Years of deadlock between the two main political parties, the Awami League and the opposition Bangladesh Nationalist Party, have caused governance breakdowns, narrowed political debate, eroded the rule of law and widened social divisions. The continued threat of jihadist violence exacerbates these problems. Meanwhile, Bangladesh struggles to accommodate the presence of an estimated one million Rohingya refugees from Myanmar, whose return appears unlikely any time soon. Crisis Group aims to reduce conflict risks, including the spread of militancy, arising from political stagnation; to promote inclusive and accountable democratic institutions; and to urge adequate assistance for the refugees until conditions allow for safe return.

CrisisWatch Bangladesh

Unchanged Situation

Opposition held countrywide protest rallies, fuelling tensions with govt, while deadly attacks in Rohingya refugee camps continued.

Amid economic crisis, tensions persisted between govt and opposition. Opposition Bangladesh Nationalist Party (BNP) held protest rallies at divisional headquarters countrywide against rising fuel, power and commodity prices, aimed at culminating in mass rally in capital Dhaka on 10 Dec. PM Sheikh Hasina 2 Nov told parliament BNP was attempting to destabilise politics amid economic crisis, warning govt would take action against those engaged in anti-govt activities. BNP sec gen same day said “our present goal is to intensify the movement” to force elections; Hasina next day warned against BNP “excesses”, threatening party’s chairperson could be sent back to jail. Notably, BNP 12 Nov held large-scale rally in Faridabad suburb, Dhaka division. Police same day arrested 32 BNP leaders and activists in Dhaka city on charges of “hatching an anti-government conspiracy”. Police 16 Nov fired rubber bullets at BNP party activists in Habiganj district, Sylhet division, who were planning rally, injuring 60, including ten police officers. Govt and International Monetary Fund (IMF) 9 Nov provisionally signed $4.5bn support program, which finance minister same day said would help prevent economic instability from escalating into crisis.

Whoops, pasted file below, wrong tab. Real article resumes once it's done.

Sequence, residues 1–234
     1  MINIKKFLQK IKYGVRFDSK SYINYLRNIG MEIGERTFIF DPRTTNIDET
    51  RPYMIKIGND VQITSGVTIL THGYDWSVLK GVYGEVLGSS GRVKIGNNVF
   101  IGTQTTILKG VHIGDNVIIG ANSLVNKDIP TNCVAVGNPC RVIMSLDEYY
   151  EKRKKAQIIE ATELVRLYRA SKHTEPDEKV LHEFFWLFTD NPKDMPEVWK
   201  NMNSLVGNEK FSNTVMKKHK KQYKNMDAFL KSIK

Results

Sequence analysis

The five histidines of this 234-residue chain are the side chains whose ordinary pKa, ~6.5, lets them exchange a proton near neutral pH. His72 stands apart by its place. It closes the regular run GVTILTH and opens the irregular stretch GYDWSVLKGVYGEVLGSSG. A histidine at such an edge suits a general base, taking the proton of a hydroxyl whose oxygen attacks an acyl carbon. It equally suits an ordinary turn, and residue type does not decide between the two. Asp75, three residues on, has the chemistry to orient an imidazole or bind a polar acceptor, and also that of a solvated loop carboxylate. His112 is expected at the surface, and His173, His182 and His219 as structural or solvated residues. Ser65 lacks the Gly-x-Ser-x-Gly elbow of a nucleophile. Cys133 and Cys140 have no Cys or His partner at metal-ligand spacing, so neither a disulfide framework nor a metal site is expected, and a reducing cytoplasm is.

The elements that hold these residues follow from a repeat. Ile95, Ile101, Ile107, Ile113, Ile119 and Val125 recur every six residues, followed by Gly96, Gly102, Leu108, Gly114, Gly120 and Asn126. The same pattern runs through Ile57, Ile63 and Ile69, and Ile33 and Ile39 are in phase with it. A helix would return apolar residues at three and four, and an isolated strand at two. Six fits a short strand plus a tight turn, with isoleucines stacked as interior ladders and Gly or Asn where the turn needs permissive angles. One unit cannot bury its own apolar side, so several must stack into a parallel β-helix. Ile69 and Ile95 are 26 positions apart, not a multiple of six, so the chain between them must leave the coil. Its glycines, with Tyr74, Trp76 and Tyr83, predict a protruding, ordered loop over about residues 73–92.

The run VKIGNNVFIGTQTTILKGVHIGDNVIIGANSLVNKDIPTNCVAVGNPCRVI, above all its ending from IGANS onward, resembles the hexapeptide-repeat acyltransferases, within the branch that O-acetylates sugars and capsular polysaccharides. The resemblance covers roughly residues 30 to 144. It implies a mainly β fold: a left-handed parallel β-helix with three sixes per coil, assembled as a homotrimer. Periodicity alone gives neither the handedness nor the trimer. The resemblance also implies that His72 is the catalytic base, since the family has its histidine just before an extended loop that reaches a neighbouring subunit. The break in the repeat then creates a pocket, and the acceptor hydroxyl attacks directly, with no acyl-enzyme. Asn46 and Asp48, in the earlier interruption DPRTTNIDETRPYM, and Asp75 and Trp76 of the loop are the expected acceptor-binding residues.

Security operations against militant groups continued. Security operations against suspected militants and separatists continued in Bandarband district. By 9 Nov, Rapid Action Battalion (RAB) had arrested 29 suspected members of militant group Jama’atul Ansar Fil Hindal Sharqiya from Bandarband, Comilla and Narayanjanj districts. Two Ansar-al-Islam militants – sentenced to death for killing of secular publisher in 2015 – 19 Nov escaped from court; police 22 Nov arrested one accomplice.

Violence persisted in Rohingya refugee camps. After police late Oct launched operation in Cox’s Bazar camps to arrest at least 56 Rohingyas, including 24 suspected of murdering seven community leaders in recent months, police attributed 8 Nov killing of Rohingya man in Cox’s Bazar Teknaf sub-district to clash between rival Rohingya factions. Rohingya militants 14 Nov fired on RAB officials in Bandarband’s Konapara camp, killing woman and injuring security forces member.

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In The News

16 Dec 2016
These organizations [in Bangladesh] — whether they’re jihadists or student wings of parties like Jamaat-e-Islami — they’re becoming more attractive avenues of opposition. Foreign Policy
Shehryar Fazli

Shehryar Fazli


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